Sax on the Web Forum banner

1 - 20 of 41 Posts

·
Registered
Joined
·
35 Posts
Discussion Starter #1
im just a bit confused about the notes in the
blues scale................
can someone tell me the notes for
C MINOR AND C MAJOR IN BLUES..
and also would the same logic apply to
D MINOR AND D MAJOR....AND SO ON..
ive got a few books and some leave out notes,
that are in the scale...
thanks..
 

·
Distinguished SOTW Member
Joined
·
14,268 Posts
Sax40: To avoid a lot of detail and musical jargon, merely flat the third, flat the seventh, and maybe the fifth. The scale notes don't matter - just the numbered tones in any scale. DAVE
 

·
Registered
Joined
·
55 Posts
chknbon said:
My take on the blues scale is: root, flat 3rd, 4th, flat 5th, 5th, flat 7th...
agreed
 

·
SOTW Columnist, Distinguished SOTW Member
Joined
·
23,026 Posts
C minor blues scale: C Eb F Gb G Bb C (1 b3 4 b5 5 b7 1)

C "major" blues scale: C D Eb E G A C (1 2 b3 3 5 6 1)

(Note that the C "major" blues scale is the same as an A minor blues scale)

Yes, it's the same formula for D and every other key.

Do a search on blues, blues scale, etc. Also check out SOTW blues R&R teaching resource. You'll find plenty of info on this topic. It's been hashed out quite a bit recently.
 

·
Registered
Joined
·
358 Posts
Note that, in a mayor blues scale, the E natural doesn't sound very good when the scheme goes to the second chord (the 4), of course you can try but IMHO I don't play it then...
 

·
SOTW Columnist, Distinguished SOTW Member
Joined
·
23,026 Posts
Hammertime said:
Note that, in a mayor blues scale, the E natural doesn't sound very good when the scheme goes to the second chord (the 4), of course you can try but IMHO I don't play it then...
That's correct. The major blues scale has to be altered (drop the maj 3rd) when playing over the IV chord. All of this is covered in the SOTW blues teaching resource. And an extensive discussion can be found in several other threads on here.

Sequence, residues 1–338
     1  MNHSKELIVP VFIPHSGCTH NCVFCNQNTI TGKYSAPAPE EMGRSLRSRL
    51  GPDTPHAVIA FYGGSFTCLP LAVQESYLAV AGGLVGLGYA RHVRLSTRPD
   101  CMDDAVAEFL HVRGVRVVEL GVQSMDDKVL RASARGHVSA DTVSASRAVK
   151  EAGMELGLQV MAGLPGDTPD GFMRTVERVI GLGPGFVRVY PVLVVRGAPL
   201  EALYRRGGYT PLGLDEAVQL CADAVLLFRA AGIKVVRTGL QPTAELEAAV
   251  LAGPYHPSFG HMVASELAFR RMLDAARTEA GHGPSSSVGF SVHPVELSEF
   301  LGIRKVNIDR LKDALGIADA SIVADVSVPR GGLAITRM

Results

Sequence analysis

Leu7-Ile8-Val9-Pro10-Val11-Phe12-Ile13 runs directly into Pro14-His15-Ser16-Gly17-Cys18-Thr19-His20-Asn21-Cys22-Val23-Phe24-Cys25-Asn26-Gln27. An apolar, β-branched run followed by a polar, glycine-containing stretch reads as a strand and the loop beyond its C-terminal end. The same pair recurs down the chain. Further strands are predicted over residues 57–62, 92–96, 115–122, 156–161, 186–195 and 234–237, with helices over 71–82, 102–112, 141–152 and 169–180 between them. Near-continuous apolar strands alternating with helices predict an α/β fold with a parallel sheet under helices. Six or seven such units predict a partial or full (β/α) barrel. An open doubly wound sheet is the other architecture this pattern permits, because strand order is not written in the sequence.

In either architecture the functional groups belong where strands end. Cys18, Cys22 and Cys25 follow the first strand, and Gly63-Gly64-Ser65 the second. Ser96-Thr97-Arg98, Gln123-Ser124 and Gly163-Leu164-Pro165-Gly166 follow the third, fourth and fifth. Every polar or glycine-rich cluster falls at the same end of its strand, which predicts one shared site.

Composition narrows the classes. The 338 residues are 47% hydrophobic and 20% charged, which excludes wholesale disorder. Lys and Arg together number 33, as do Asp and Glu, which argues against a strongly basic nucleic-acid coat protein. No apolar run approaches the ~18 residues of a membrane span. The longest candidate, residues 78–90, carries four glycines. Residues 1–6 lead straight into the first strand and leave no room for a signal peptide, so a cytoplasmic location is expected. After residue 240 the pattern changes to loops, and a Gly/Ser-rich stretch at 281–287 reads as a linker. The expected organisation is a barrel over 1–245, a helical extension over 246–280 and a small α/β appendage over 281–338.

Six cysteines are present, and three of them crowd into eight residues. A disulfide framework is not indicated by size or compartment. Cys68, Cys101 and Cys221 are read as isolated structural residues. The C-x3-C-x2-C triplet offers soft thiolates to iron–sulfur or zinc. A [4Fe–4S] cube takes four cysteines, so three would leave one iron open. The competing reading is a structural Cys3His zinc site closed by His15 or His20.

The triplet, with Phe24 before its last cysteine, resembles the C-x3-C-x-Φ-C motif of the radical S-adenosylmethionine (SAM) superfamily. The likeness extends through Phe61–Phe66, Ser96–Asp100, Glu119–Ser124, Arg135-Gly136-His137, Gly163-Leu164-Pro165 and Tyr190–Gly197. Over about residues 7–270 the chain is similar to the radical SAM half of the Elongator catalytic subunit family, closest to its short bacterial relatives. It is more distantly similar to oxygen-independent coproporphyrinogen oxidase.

·
Moderator
Grafton alto | Martin Comm III tenor
Joined
·
28,952 Posts
Hammertime said:
Note that, in a mayor blues scale, the E natural doesn't sound very good when the scheme goes to the second chord (the 4), of course you can try but IMHO I don't play it then...
Not only does it not sound very good, it sounds very very awful.

A very basic approach is to use the minor blues scale based on the key over the whole twelve bar sequence, but the major blues scale over the root of the chord (in a very basic 3 chord blues that is, not in a jazz blues).

That is just a starting point of course, the rest is up to getting a feel for what to play - licks, melodies etc.
 

·
Registered
Joined
·
150 Posts
chknbon said:
My take on the blues scale is: root, flat 3rd, 4th, flat 5th, 5th, flat 7th...

Is the formula the same for a minor blues scale? How many blues scales are there? Major, minor,......?
 

·
Registered
Joined
·
150 Posts
Ok, looked at some of the materials here on SOTW. So the 1 b3 4 b5 5 b7 is based on the minor pentatonic scale and is the monor blues scale which is the more commonly used blues scale. The major blues scale is 1 2 b3 3 5 6 and is less commonly used. Do I have it right?


Are there any other blues scales?
 

·
Forum Contributor 2010, Distinguished SOTW Member
Joined
·
5,076 Posts
There's no "major" and "minor" blues scale, really. The whole point of the blues scale is the conflation of major and minor. And the "blue notes" are bent notes, really: the "true" blue note is the note between the flat (minor) third and the major third, and etc. for the 5 and the 7. What they're talking about above is what you do when you're playing against a blues chord progression: how to handle the 4 chord. There are two questions here: 1. what IS the blues scale (which I believe is the question Nusax asked at the outset) and 2. how to USE the blues scale when actually playing blues.
 

·
Registered
Joined
·
150 Posts
What is the 4 chord and how do you handle it?

Seriously.

If this requires a long involved answer maybe you can refer me to materials that discuss this. Clearly I have to learn the 4 chord and whatever progressions before I get how the blues scales fit or don't fit.
 

·
Forum Contributor 2010, Distinguished SOTW Member